WASHINGTON -- After weeks of insisting it would not reveal details of its domestic eavesdropping, the White House reversed course yesterday and provided a House committee with highly classified information about the program.
The White House has been under heavy pressure from lawmakers who wanted more information about the National Security Agency's monitoring. Democrats and many Republicans rejected the administration's implicit suggestion that they could not be trusted with national security secrets.
The shift came after Representative Heather Wilson, a Republican from New Mexico and chairwoman of a House Intelligence Committee subcommittee, broke with the Bush administration and called for a full review of the NSA's program, along with legislative action to update the 1978 Foreign Intelligence Surveillance Act.
''I think we've had a tremendous impact today," Wilson said at a news conference as Attorney General Alberto Gonzales and General Michael Hayden, the nation's No. 2 intelligence official, briefed the House panel on technical and tactical intelligence.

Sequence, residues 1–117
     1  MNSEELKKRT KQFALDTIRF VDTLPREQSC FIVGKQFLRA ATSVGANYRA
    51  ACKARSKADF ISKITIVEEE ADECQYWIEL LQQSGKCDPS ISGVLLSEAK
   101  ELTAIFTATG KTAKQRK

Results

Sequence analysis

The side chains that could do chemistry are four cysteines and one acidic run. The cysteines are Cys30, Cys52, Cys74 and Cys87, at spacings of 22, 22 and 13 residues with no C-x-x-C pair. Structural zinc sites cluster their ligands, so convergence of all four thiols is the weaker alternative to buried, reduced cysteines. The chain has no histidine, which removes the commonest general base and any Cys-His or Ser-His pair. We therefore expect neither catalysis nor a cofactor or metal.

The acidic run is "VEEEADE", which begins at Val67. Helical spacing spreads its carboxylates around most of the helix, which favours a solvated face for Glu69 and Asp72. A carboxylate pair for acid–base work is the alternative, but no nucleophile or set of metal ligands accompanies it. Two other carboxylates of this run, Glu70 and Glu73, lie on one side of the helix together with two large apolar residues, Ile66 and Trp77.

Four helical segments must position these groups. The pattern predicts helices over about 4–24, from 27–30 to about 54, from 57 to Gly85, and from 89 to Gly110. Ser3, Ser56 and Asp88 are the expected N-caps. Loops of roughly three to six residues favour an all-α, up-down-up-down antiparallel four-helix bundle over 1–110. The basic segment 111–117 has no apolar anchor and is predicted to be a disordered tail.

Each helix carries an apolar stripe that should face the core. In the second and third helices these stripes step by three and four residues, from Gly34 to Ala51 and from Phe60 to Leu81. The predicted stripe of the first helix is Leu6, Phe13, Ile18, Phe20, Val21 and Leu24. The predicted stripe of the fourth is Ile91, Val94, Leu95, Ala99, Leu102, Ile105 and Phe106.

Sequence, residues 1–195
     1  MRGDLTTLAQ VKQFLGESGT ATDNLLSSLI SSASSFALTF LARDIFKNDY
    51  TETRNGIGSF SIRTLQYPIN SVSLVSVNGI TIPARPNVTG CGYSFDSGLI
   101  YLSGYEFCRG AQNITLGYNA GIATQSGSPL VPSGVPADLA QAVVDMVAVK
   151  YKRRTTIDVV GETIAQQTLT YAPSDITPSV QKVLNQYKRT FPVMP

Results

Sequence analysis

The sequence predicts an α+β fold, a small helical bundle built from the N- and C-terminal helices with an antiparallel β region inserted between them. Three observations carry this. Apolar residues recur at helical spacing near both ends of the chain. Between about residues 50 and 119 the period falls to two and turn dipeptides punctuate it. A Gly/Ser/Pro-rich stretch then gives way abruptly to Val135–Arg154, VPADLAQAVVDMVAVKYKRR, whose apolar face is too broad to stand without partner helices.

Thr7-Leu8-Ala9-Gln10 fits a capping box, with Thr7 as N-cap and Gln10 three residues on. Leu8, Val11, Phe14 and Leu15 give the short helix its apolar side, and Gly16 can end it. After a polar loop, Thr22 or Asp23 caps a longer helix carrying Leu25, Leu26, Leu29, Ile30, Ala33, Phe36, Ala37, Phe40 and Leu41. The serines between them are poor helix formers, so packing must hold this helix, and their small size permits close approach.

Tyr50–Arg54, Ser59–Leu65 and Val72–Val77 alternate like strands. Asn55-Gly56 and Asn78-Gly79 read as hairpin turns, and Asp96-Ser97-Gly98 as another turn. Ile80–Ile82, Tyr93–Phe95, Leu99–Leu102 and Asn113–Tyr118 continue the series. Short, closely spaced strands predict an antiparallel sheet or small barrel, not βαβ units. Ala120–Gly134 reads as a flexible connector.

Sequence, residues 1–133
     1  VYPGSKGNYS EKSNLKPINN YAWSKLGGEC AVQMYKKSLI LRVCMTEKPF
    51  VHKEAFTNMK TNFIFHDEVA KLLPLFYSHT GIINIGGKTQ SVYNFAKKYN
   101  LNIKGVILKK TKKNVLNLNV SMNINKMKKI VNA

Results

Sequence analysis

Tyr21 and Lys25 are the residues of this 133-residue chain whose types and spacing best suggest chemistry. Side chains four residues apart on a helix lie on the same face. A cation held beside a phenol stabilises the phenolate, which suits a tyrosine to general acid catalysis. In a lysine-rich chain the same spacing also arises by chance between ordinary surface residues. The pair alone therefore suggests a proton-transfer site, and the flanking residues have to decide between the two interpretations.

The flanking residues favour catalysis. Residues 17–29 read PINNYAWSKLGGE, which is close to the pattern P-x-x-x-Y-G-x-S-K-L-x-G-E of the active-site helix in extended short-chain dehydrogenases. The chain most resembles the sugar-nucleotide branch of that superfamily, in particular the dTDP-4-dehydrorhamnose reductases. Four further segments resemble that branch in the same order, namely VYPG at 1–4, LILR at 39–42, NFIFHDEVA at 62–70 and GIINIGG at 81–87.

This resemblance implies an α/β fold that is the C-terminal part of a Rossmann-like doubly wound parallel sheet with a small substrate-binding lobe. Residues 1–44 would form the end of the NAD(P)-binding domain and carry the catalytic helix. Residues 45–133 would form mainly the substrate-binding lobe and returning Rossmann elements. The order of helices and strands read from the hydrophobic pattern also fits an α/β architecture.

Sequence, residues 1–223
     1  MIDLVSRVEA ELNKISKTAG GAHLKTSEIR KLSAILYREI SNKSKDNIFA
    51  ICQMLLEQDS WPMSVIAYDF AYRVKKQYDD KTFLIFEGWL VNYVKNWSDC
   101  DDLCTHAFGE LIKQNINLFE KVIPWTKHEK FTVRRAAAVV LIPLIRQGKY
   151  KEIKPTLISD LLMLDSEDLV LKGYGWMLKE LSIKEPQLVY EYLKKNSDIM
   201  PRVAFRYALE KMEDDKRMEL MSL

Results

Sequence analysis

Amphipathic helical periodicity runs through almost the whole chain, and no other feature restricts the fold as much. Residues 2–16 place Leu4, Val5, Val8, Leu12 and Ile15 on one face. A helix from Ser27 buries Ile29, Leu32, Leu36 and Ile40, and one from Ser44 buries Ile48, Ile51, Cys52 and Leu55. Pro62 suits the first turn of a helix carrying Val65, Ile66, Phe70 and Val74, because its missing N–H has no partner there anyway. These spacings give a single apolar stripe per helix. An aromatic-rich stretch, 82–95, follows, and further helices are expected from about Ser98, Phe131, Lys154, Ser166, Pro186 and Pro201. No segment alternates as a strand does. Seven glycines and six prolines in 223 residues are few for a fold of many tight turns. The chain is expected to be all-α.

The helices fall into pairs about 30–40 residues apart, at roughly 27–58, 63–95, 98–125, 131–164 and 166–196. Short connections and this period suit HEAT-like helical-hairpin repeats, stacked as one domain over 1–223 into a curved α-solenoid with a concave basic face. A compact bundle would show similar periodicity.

When asked what prompted the move to give lawmakers more details, White House spokeswoman Dana Perino said the administration stated ''from the beginning that we will work with members of Congress, and we will continue to do so regarding this vital national security program."
One Democrat left the four-hour House session saying he had a better understanding of legal and operational aspects of the antiterrorist surveillance program being conducted without warrants, but that he still had a number of questions.
''It's a different program than I was beginning to let myself believe," said Representative Bud Cramer of Alabama, the senior Democrat on the Intelligence Committee's oversight subcommittee.
''This may be a valuable program," Cramer said, adding that he didn't know if it was legal. ''My direction of thinking was changed tremendously."
Lawmakers leaving the briefing said it covered the 1978 Foreign Intelligence Surveillance Act, Justice Department papers outlining legal justifications for the operations, limited details on success stories, and some highly sensitive details.
The White House has insisted that it has the legal authority to monitor terror-related international communications in cases in which one party to the call is in the United States. For more than 50 days, senior officials have argued that Bush and Vice President Dick Cheney were within the law when they chose to brief only the eight lawmakers who lead the House and Senate and its intelligence committees.